When you use
LANG=C gcc ... what happens is that the shell sets LANG for
gcc's environment only, and not for the current environment itself (see note). So after
LANG is back to its previous value (or unset).
Additionally, when you use
A=10 echo $A it is the shell that replaces $A, not echo, and this substitution (called "expansion") happens before the statement is evaluated (including the assignment), so to work as expected
A's value must be already set in the current environment prior to that statement.
A=10 echo $A does not work as expected:
A=10 will be set for echo, but echo internally ignores the value of the environment variable
$A is replaced with the value set in the current shell (which is none), and then passed as an argument to echo.
So your assumption is correct:
VAR=value command does work, but this is only relevant if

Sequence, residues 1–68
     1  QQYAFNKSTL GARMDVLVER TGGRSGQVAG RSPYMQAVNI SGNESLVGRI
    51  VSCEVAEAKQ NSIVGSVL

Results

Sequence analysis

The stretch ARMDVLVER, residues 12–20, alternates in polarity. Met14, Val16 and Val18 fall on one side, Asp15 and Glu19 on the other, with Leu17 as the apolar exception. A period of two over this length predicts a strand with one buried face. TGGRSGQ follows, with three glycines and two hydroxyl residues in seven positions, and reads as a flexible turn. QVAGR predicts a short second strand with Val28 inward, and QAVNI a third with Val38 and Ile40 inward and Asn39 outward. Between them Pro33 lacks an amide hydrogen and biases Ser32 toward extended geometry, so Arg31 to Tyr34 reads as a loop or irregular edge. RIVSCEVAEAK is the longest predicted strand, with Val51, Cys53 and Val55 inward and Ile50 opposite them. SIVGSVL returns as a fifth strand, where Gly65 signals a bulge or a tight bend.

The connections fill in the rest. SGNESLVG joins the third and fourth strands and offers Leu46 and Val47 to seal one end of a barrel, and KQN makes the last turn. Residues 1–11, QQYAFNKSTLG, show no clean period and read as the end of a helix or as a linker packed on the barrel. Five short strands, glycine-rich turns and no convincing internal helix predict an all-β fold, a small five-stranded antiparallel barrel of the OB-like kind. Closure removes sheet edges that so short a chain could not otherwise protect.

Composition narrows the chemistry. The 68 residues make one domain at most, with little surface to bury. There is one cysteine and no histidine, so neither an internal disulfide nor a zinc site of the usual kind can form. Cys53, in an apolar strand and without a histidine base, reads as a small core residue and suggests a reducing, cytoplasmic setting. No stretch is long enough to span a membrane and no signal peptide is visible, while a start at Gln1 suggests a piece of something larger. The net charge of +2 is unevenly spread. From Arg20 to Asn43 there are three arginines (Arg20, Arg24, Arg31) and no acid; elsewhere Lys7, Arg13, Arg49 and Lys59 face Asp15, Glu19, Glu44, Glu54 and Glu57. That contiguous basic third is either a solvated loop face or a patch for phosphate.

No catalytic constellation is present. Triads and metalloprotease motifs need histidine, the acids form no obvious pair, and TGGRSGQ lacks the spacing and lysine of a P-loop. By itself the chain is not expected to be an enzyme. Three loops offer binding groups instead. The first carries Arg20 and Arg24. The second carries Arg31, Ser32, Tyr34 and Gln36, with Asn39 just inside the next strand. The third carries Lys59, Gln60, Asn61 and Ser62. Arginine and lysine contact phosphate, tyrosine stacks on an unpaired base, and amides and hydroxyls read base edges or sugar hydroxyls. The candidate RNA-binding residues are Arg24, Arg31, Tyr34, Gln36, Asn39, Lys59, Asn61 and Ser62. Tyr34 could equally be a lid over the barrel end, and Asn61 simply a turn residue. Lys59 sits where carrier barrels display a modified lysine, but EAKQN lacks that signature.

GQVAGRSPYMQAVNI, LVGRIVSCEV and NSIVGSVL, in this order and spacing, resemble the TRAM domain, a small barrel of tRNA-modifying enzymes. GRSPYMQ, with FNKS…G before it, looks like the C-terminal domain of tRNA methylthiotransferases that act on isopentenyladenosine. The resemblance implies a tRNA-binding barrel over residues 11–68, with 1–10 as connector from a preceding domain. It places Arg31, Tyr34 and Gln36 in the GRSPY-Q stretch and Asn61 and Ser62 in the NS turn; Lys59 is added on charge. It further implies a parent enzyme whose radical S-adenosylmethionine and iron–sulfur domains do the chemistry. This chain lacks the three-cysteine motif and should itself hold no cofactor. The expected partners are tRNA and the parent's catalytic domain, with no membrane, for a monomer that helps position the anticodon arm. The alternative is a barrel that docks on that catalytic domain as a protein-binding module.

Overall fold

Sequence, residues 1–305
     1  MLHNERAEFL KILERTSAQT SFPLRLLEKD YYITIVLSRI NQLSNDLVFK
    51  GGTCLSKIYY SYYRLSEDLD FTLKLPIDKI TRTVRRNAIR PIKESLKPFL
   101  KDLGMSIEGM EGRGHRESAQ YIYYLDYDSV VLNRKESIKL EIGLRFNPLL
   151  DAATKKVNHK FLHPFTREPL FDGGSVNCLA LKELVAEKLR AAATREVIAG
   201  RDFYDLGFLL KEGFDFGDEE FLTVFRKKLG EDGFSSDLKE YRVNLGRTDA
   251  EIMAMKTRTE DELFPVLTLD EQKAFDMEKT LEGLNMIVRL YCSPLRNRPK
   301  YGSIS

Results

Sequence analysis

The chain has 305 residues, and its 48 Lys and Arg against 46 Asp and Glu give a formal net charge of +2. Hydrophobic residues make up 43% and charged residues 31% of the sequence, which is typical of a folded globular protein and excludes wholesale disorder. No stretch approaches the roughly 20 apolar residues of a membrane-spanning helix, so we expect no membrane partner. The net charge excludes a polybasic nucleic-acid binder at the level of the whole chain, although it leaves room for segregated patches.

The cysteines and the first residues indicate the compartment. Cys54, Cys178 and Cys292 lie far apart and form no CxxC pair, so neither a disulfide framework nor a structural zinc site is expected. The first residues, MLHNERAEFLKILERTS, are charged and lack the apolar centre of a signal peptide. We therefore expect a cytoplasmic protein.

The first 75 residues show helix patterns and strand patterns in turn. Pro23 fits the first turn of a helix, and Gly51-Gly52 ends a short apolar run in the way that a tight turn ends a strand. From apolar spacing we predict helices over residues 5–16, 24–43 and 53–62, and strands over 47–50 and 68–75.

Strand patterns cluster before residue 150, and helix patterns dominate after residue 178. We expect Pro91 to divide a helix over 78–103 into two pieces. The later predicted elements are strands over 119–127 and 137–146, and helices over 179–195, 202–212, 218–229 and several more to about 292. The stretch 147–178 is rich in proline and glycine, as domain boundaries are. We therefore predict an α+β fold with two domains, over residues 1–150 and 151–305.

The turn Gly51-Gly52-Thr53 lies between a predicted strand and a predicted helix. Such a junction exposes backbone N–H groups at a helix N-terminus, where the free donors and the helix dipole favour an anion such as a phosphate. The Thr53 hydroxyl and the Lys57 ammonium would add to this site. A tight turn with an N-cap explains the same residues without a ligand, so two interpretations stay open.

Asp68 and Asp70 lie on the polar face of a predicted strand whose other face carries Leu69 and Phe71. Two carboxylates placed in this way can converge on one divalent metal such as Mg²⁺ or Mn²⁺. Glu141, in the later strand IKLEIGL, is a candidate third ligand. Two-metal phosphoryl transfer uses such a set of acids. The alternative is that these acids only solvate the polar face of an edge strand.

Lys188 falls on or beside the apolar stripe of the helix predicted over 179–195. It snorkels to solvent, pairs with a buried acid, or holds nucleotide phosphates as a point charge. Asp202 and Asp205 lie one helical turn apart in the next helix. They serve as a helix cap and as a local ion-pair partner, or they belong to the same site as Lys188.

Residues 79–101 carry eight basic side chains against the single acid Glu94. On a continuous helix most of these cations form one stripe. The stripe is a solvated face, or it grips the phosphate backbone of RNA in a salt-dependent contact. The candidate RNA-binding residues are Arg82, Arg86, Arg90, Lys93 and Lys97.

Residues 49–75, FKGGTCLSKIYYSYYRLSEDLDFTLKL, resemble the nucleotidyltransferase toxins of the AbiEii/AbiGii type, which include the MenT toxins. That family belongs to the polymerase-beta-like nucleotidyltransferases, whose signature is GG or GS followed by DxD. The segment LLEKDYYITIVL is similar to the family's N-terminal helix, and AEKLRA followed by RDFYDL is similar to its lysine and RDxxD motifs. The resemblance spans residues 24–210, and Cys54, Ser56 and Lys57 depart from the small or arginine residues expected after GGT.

command internally uses VAR. If not, you can still pass
value as an argument to
command, but arguments are replaced by the current shell, so they must be set prior to usage:
VAR=value; command "$VAR"
If you know how to create an executable script, you can try this as a test:
echo "1st argument is $1"
echo "A is $A"
Save it as
testscript and try:
$ A=5; A=10 testscript "$A"; echo "$A"
1st argument is 5
A is 10
Last but not least, it's worth knowing the difference between shell and environment variables and program arguments.
Here are some good references:
(*) Note: technically the shell does set in current environment too, and here's why: Some commands, like
test are shell builtins, and as such they don't spawn a child process. They run in current environment. But the shell takes care for the assignment only lasts until the command is running, so for all practical purposes the effect is the same: the assignment is only seen by that single command.